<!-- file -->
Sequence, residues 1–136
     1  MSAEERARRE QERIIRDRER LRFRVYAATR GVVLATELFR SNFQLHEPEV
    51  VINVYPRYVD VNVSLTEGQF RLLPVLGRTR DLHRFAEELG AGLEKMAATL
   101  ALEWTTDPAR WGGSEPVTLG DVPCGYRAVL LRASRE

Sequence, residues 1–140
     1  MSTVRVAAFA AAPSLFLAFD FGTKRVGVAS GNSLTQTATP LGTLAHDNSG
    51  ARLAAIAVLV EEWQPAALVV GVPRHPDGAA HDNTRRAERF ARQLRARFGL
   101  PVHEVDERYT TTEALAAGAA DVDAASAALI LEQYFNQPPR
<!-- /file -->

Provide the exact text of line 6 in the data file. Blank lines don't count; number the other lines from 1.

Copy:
     1  MSTVRVAAFA AAPSLFLAFD FGTKRVGVAS GNSLTQTATP LGTLAHDNSG